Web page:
A chatbot is where you could have an automated conversation with a computer system. It sounds a little abstract, but your audiences have probably interacted with it at some point: a widget on a website where you click on it – it might be their telephone company, or any kind of service provider nowadays – and then you start having a conversation. Sometimes the chatbot is automated and it’s not an actual person on the other side. What matters really is that you get the result you want. A lot of the data that we’ve seen in terms of feedback about these systems is that people really just care that they get a solution.
When you say there are different ways to have a conversation – one of them is a bot, which is basically when somebody asks a question, and the answer is coming from a computer-generated program, and the other option is that they’re talking directly to a human being – how does that work?
There are many different ways of doing it. You could have a completely automated solution where the chatbot is recognizing questions and matching answers to those questions and serving up the answers. You can also pick your own adventure, where you pick one button that takes you down this path, you give a different answer and it goes down a different path, but there are also ways of integrating human agents into it. So if you hit a roadblock, you could have somebody live jump in and take over the conversation if they want.
What are the advantages that you see for each of the different models of chat?
I think the advantages really are just taking the burden off of lawyers and their staff, from a lot of that routine question answering. A lot of the clients that we’ve worked with get bombarded with the same questions over and over and over again. Regardless of them having an FAQ page on their website, they still get those questions.
People want immediate answers, but they don’t want to go looking around your website for them. They figure that the chat is going to give them an immediate response. Is that the feeling?
Yes, and there are statistics to back this up. I think 69% of consumers want immediate answers. Some of this we already know from experience. If there’s a problem with your cell phone, you want to get an answer right away. You don’t care if it’s a person or if it’s automated, just as long as you can get a solution. These types of solutions are being picked up by big businesses and everywhere else, and now it’s starting to filter down to lawyers.
One of the things I would mention, though, is that this kind of technology is not limited to just chatbots, which is maybe seen as kind of a narrow application. It also applies to phone calls. You could have a phone answering service that’s completely automated, and you could also use intelligent automation to be able to handle document creation in your practice. So there’s a multitude of different applications. Marketing is a good one to start with.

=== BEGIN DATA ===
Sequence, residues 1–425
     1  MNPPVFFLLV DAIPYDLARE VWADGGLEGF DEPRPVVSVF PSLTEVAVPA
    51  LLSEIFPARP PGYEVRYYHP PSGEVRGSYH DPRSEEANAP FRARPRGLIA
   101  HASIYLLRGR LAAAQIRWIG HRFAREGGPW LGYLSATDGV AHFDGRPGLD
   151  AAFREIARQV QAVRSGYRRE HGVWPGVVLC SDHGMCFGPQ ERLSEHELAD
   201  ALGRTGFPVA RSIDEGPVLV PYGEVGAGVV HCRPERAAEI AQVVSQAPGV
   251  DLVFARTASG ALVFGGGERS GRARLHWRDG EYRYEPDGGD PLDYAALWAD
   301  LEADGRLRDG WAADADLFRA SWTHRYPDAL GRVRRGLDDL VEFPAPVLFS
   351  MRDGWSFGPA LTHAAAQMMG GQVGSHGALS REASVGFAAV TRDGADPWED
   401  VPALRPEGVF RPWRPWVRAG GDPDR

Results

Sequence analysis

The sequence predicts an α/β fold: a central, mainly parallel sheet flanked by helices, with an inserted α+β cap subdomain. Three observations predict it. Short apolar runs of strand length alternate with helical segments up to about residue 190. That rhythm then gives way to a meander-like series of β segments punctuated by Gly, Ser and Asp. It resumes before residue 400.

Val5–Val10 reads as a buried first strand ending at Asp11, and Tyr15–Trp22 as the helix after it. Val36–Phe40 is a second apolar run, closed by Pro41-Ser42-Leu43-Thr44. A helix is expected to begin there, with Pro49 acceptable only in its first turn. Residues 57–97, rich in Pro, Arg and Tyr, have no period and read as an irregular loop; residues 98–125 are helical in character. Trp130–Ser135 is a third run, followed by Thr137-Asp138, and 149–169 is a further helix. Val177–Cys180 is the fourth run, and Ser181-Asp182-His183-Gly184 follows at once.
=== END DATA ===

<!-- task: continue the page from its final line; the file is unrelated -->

If somebody called your office, and they had a question, rather than just leaving a message saying, “Hi, it’s John calling, call me back,” they would types “Hi, I’m John”, and the chatbot would reply “Hi John, how can we help you today? what is your issue or your concern?” Then, John types, “I want to get a divorce,” the chatbot would ask more questions prompting John to elaborate…
Yes, you would be able to craft an intelligent conversation with that person based on their response to “How can I help you today?” and then take it down the path that is appropriate for that person. It won’t be perfect – I don’t want to oversell it. We’re not at that place in time yet. We’re not talking about human-level intelligence where we could have a conversation about anything under the sun, but it does help a good bit.
That’s the direction we’re going.
Right now, I advise that people don’t let “perfect” be the enemy of “good” – and right now, you can accomplish a lot of good with automation.
Tell us a little bit more about your program. How can people set it up and how flexible is it? What’s the process of getting it going?
With the marketing chatbot that you put on your website, it helps you capture more leads. It’s a pretty simple process. It basically allows for a number of specialized and personalized questions for your practice. We don’t treat all law offices the same. We know that lawyers are different. As a lawyer myself, I know that every lawyer in a law firm has their own preference about what questions they want to ask prospective clients. What we do is program in those custom questions, then ask the bread-and-butter ones, like “What’s your name?” and “What’s your phone number?” Once we capture that information, we could also integrate it with their case management system, if they have one. If not, we just send them an email or a text and they can get right in touch with that lead.